Legislation must save life of mother not take life of child
There is at least one issue that pro-choice, pro-life and all shades between can agree on – the need to preserve a mother’s life. Where there is no hope of survival for an unborn baby due to immaturity, and where the infamous “real and substantial risk to the life of the mother” is present, the concern is always to prevent one tragedy turning into two.
That consensus might not stretch much further than that. Pro-choice advocates might believe that a threat of suicide is a valid “real and substantial risk”, while pro-life people might believe that abortion as a “treatment” for suicidal ideation is neither desirable nor helpful.
A letter by eight psychiatrists this week claimed the key point in recent research is that “where a pregnancy is unplanned, the mental health outcome for those women who have an abortion is the same as for those women who go on to have a baby”. But if abortion makes no positive difference, in what sense is it a treatment?
Ironically, the very research to which the psychiatrists provide an internet link suggests outcomes are not all the same: “There were some additional factors associated with an increased risk of mental health problems specifically related to abortion . . . if a woman has a negative attitude towards abortion, shows a negative emotional reaction to the abortion or is experiencing stressful life events, health and social care professionals should consider offering support, and where necessary treatment, because they are more likely than other women who have an abortion to develop mental health problems”.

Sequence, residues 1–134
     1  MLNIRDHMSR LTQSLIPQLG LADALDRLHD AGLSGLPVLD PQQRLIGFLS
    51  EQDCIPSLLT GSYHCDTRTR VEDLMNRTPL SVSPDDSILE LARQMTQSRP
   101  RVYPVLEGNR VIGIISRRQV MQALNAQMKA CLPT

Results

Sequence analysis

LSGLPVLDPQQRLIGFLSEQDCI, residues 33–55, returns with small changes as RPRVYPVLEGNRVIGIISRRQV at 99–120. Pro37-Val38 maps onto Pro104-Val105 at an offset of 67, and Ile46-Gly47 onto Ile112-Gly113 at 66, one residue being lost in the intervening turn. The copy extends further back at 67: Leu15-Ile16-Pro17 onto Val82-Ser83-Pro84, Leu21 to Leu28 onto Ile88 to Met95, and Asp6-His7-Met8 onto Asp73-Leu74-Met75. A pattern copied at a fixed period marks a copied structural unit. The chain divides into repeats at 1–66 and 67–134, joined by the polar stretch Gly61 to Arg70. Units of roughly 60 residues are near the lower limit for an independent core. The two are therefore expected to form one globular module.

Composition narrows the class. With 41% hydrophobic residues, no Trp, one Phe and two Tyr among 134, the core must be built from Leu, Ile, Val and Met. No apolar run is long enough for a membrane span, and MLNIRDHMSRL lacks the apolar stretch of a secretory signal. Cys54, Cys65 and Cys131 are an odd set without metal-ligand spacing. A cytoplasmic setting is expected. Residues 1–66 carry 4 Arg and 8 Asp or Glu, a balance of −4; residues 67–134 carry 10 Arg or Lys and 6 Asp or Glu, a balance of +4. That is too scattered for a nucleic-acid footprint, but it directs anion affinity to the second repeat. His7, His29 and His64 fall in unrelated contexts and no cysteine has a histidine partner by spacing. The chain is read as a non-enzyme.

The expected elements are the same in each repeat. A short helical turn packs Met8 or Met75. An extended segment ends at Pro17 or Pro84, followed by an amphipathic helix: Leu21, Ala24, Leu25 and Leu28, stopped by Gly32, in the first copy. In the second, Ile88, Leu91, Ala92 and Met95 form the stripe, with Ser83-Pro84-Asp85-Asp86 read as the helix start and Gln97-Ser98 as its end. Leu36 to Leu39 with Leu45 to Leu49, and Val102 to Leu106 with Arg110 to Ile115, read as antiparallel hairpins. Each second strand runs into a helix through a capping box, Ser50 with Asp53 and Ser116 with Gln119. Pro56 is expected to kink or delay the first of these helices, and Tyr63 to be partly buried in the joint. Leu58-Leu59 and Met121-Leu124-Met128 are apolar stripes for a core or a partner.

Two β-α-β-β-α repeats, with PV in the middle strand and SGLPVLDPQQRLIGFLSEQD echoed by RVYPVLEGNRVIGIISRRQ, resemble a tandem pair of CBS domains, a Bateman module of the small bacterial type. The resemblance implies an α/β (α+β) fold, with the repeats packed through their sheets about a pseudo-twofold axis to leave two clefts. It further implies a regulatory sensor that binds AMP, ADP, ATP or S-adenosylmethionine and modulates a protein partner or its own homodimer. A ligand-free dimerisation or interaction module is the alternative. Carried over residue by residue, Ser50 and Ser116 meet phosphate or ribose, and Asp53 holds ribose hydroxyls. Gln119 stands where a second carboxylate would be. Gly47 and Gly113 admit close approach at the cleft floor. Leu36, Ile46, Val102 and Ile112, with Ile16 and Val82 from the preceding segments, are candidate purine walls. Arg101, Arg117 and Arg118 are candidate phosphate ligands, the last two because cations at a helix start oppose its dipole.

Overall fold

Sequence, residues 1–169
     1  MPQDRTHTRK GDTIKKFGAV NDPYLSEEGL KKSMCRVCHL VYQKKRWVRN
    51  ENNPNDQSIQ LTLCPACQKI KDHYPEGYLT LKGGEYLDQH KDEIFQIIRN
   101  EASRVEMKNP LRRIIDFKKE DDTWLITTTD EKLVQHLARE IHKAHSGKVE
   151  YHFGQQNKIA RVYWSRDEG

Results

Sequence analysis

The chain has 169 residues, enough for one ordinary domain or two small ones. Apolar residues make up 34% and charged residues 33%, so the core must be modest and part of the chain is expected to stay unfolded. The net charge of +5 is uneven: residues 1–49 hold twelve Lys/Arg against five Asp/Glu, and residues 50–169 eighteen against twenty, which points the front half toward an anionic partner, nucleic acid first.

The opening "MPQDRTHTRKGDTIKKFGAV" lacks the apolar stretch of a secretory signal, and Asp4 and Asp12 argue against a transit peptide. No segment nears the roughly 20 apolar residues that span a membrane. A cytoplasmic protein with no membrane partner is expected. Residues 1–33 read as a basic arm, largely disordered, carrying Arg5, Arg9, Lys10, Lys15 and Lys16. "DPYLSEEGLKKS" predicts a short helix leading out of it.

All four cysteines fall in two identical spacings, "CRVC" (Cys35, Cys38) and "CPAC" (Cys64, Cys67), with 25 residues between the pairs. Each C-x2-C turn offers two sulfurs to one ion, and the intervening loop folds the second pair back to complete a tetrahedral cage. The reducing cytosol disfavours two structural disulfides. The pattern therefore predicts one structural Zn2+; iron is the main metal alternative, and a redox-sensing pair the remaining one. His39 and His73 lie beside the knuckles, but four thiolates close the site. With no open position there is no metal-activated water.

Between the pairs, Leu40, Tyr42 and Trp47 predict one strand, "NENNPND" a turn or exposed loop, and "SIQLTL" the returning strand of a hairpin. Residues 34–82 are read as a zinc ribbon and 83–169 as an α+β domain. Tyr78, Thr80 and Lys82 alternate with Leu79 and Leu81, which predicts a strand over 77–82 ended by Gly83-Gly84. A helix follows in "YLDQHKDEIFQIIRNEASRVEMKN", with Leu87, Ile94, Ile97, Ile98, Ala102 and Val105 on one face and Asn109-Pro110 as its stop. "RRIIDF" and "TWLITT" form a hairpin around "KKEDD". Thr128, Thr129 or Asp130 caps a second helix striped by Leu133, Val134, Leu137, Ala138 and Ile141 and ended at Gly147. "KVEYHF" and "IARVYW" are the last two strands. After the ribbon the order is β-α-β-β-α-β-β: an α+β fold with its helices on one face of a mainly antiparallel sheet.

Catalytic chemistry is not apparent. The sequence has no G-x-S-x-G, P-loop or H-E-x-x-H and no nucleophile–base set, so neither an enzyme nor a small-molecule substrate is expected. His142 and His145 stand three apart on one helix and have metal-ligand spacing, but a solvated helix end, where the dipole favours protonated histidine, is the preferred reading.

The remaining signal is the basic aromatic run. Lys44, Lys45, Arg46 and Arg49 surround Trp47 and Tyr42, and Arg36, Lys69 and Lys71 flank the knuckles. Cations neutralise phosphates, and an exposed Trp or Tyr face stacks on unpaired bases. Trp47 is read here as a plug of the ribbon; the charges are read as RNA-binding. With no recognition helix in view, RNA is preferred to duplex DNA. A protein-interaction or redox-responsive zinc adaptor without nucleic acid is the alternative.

Careful about claims
Abortion and the care of mothers are such sensitive subjects that we all need to be careful about the claims we make. What matters is not having something passionate to say, but the truthfulness of what we say. Language and distinctions matter. They matter when it comes to life, and they matter when it comes to law.
There is an attempt to blur the distinction between life-saving treatment for a mother and a deliberate attempt to end the life of her baby. Anyone who wishes to maintain that distinction is apparently being dishonest, motivated by a desire to maintain some unrealistic ideal of Holy Catholic Ireland, and unwilling to acknowledge reality.
The belief there is no difference between attempting to save a mother’s life and any other medical procedure where the intention is to end the life of a baby is held by Fintan O’Toole, among others. Fintan is a fine writer, who spends a significant proportion of his professional life examining in forensic detail the nuances of language in drama, and how language serves to illuminate profound human concerns.
If he cannot see the distinction, I despair. He has asked rhetorically, “When is an abortion not an abortion?” I believe a better question is, “When is a termination of pregnancy not an abortion?” The root of the word “abortion”, according to the OED, comes from the mid-16th century Latin word, aboriri, meaning “miscarry”.